He went on to become the Sheriff of Rosebud County. One might think that he would never want anything to do with guns again, but while he didn’t really see the need for them much as sheriff, he was still well able to use them. He was sheriff between 1955 and 1972, and during that time, he was well known as “the sheriff without a gun.” It’s hard to imagine a sheriff who has a reputation big enough to be able to work without a gun, including making arrests, but that was what he did. I don’t know if guns bothered him or not, but if so, he was quite successful at hiding it. Today is the 116th anniversary of Grandpa’s birth. Happy birthday in Heaven, Grandpa Schulenberg!! We love and miss you very much.

Andersonville POW camp was a Civil War era POW camp that was heavily fortified. It was run by Captain Henry Wirz, who was tried by a military tribunal on charges of war crimes when the war was over. The trial was presided over by Union General Lew Wallace and featured chief Judge Advocate General (JAG) prosecutor Norton Parker Chipman. The prison is located near Andersonville, Georgia, and today is a national historic site that is also known as Camp Sumpter. To me, its design had a somewhat unusual layout in that it had what is called a “Dead Line”. Some people might know what that is, but any prisoner who dared to tough it, much less try to cross it, found out very quickly what it was, because they were shot instantly…no questions asked. For that reason, prisoners rarely escaped from Andersonville Prison. The “dead line” was set up by the Confederate forces guarding the prison, to assist in prisoner control. The prison operated between February 25, 1864, and May 9, 1864. During that time, a total of 4,588 patients visited the Andersonville prison hospital, and 1,026 never left there alive.

According to former prisoner, enlisted soldier John Levi Maile, “It consisted of a narrow strip of board nailed to a row of stakes, about four feet high.” The “dead line” completely encircled Andersonville. Soldiers were told to “shoot any prisoner who touches the ‘dead line'” “It was the standing order to the guards,” Maile explained. “A sick prisoner inadvertently placing his hand on the “dead line” for support… or anyone touching it with suicidal intent, would be instantly shot at, the scattering balls usually striking other than the one aimed at.” It was a risk the prisoners took if they chose to be anywhere near the “dead line” at all. Prisoner Prescott Tracy worked as a clerk in the Andersonville hospital. He said, “I have seen one hundred and fifty bodies waiting passage to the “dead house,” to be buried with those who died in hospital. The average of deaths through the earlier months was thirty a day; at the time I left, the average was over one hundred and thirty, and one day the record showed one hundred and forty-six.” The major threats in the prison camp were diarrhea, dysentery, and scurvy.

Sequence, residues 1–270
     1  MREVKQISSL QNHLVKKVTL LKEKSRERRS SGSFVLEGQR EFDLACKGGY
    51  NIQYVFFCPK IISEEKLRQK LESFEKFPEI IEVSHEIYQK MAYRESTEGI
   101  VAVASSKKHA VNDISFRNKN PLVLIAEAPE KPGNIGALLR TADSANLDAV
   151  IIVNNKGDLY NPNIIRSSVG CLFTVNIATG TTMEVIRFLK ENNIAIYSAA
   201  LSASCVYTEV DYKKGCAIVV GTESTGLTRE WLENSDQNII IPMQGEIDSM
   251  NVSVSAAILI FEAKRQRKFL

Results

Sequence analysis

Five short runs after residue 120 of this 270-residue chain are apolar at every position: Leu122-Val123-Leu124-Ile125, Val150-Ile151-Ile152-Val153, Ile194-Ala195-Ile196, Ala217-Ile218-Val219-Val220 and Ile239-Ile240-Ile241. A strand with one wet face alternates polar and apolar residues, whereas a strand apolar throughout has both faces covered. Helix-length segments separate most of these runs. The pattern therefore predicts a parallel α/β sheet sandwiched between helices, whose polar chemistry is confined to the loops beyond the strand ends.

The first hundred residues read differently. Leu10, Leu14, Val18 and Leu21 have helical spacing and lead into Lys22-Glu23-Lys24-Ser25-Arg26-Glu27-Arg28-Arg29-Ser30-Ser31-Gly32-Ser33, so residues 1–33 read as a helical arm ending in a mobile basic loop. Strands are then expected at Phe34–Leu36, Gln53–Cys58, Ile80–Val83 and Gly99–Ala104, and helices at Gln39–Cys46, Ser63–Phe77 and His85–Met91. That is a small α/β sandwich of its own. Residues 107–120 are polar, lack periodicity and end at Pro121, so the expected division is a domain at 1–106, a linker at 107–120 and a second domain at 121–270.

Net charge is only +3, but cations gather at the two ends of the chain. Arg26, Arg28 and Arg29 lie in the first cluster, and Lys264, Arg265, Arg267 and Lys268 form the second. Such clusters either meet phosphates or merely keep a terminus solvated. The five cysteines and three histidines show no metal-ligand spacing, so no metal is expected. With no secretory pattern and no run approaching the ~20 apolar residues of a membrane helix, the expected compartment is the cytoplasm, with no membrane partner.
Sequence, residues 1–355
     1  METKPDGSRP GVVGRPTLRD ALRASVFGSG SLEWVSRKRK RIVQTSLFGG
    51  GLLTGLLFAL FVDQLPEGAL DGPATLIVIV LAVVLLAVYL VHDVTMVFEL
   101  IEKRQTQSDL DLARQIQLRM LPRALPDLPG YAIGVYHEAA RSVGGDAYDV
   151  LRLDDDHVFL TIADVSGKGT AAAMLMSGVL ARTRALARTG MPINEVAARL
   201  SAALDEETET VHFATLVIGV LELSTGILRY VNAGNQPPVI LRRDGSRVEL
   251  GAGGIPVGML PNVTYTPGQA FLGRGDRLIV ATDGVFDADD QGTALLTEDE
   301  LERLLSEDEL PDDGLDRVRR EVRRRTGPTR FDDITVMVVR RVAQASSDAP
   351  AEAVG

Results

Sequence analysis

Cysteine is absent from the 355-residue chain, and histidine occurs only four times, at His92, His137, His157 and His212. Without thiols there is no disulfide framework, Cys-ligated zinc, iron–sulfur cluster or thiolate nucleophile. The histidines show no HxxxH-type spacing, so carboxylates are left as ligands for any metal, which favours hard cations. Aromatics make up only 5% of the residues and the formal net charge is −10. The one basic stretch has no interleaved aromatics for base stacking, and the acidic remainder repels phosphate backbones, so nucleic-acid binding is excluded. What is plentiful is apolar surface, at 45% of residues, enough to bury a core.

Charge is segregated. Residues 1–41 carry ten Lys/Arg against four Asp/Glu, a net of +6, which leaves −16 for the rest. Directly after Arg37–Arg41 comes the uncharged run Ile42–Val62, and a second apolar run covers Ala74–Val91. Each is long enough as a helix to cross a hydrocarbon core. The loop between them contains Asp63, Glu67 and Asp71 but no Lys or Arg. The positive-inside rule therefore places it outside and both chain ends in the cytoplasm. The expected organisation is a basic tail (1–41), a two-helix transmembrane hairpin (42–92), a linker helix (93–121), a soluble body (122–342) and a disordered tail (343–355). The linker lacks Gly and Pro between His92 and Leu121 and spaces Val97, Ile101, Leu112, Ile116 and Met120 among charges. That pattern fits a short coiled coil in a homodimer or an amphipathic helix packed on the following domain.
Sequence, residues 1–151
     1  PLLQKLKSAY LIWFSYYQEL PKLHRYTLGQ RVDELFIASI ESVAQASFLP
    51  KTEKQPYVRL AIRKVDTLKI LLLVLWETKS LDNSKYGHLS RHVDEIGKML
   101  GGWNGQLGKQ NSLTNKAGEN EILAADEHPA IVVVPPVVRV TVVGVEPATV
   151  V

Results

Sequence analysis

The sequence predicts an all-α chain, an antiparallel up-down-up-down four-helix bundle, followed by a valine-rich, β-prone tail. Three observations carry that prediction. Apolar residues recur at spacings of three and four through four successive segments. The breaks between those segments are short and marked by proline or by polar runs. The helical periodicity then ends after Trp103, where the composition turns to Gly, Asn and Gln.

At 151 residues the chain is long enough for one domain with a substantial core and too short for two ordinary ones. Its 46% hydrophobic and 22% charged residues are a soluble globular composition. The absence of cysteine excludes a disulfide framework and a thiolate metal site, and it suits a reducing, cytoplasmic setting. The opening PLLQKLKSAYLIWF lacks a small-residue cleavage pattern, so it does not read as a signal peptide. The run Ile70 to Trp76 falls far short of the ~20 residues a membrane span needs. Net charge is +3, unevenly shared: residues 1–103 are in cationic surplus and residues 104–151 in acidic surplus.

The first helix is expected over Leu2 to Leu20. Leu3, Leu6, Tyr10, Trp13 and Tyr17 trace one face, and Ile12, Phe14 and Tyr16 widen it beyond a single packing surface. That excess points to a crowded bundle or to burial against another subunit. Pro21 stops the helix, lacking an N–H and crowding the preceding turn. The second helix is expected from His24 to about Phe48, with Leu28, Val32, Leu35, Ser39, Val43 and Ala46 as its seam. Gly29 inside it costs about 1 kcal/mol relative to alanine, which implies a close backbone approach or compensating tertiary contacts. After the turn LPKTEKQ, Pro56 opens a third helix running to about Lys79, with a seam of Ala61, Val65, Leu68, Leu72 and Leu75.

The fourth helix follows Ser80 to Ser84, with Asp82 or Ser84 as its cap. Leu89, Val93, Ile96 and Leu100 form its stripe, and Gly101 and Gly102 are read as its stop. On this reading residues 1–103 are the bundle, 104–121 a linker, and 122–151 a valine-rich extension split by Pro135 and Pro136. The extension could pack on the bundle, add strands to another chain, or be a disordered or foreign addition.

A sergeant major in the 16th Regiment Connecticut Volunteers, Robert H. Kellogg what he saw when he entered the camp as a prisoner on May 2, 1864, “As we entered the place, a spectacle met our eyes that almost froze our blood with horror, and made our hearts fail within us. Before us were forms that had once been active and erect…stalwart men, now nothing but mere walking skeletons, covered with filth and vermin. Many of our men, in the heat and intensity of their feeling, exclaimed with earnestness. “Can this be hell?” “God protect us!” and all thought that he alone could bring them out alive from so terrible a place. In the center of the whole was a swamp, occupying about three or four acres of the narrowed limits, and a part of this marshy place had been used by the prisoners as a sink, and excrement covered the ground, the scent arising from which was suffocating. The ground allotted to our ninety was near the edge of this plague-spot, and how we were to live through the warm summer weather in the midst of such fearful surroundings, was more than we cared to think of just then.”

After hearing the accounts of men who had the misfortune of being incarcerated in this horrific POW camp, I wondered if there might have been some changes had the camp been run in more modern times. Of course, there is no guarantee of that, since there has been mistreatment of prisoners-of-war in all wars, and the treatment ultimately falls on the people running the camp and the soldiers monitoring the prisoners. It is, however, a sad state of affairs when prisoners are starved, beaten, frozen, and otherwise mistreated in these camps. The point is to hold them, not murder them.